Columbia, SC — In coming weeks, Columbia City Council will vote on whether to spend even more millions on Bull Street. Before it votes, we need to look at the track record for tax-dollar-driven projects already underway.
We need to look beyond a snapshot of one project to see the big picture. For starters, we need to look at the total debt our city is incurring. Then, most importantly, we need to ask if we are getting the jobs and economic impact our city leaders have promised us in exchange for the tax increases, higher utility rates and new bond debts.
We need a full accounting, a scorecard. Only then can we judge whether the huge debt we are buying into will result in boondoggle spending or the promised economic prosperity.
The first project on the scorecard is Innovista. When the city and county were rushed by developers to build two parking garages, the promise was 6,500 new jobs and a $250 million economic impact in nine years. Ten years later, with $135 million spent, we have zero private-sector research buildings and two garages filled with student parking. I find it staggering that city leaders want to discuss adding another $70 million in TIF funds for Innovista when we have gotten no return on our investment so far.
Remember the $50 million for the Williams Street extension, funded by a higher sales tax? Less than 18 months ago, penny-sales-tax supporters used economic forecasts they had generated, endorsed by the Greater Columbia Chamber of Commerce, to promise 1,400 new jobs and more than $117 million in capital investment in the next nine years, just on one street.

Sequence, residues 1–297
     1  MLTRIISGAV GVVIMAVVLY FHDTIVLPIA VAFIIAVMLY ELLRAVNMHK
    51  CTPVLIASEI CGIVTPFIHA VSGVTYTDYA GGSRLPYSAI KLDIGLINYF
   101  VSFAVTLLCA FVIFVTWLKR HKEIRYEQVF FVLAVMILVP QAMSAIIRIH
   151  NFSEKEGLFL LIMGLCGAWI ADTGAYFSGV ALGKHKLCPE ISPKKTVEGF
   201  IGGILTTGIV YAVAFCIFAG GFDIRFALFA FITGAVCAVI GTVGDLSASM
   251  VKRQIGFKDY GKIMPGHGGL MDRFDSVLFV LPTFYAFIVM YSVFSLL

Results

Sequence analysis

Next, we have Shop Road improvements, funded by $71.8 million from the higher sales tax. Studies our politicians generated promise that this thriving hotbed of economic activity will bring in 4,000 new jobs and $1 billion worth of new investment in the next nine years.
Let’s just stop right there and total up. Our politicians have promised 11,900 new jobs on these city-driven development projects, and we haven’t even gotten to Bull Street yet. Columbia’s city leaders are promising us an economy that’s growing faster than any country in Asia. Are we really supposed to believe that hype?
Now let’s talk about Bull Street. If City Council approves more funding for a publicly owned baseball stadium, we’ll spend close to $100 million for the stadium, infrastructure and parking garages at the 181-acre site. Once again, our city leaders have promised that this project will generate huge numbers of jobs — 11,000 to be exact — and create $1.2 billion in economic activity. They say building a baseball stadium will add another 1,600 jobs.
If we let our politicians raise taxes, double our water rates and max out the city’s credit cards for the next 30 years, they promise us 24,900 new jobs and nearly $3 billion in economic activity in the next nine years. Seriously? In a city the size of Columbia?
If all of that isn’t enough, when the EPA told the city it had to spend $750 million to fix its neglected sewer system, those same politicians promised us that this huge expense somehow would result in even more new jobs and economic prosperity.
That promise, along with all of the others, makes me wonder which is more full of it: our sanitation system or our politicians.
Before the city spends millions of dollars more based on the promises of huge job numbers, we need to stop and consider the city’s track record and current commitments. We need to wait to see real results on Bull Street and other city-driven projects before we take on even more debt.
Mr. Rickenmann served on Columbia City Council from 2004 until 2012; contact him at email@example.com.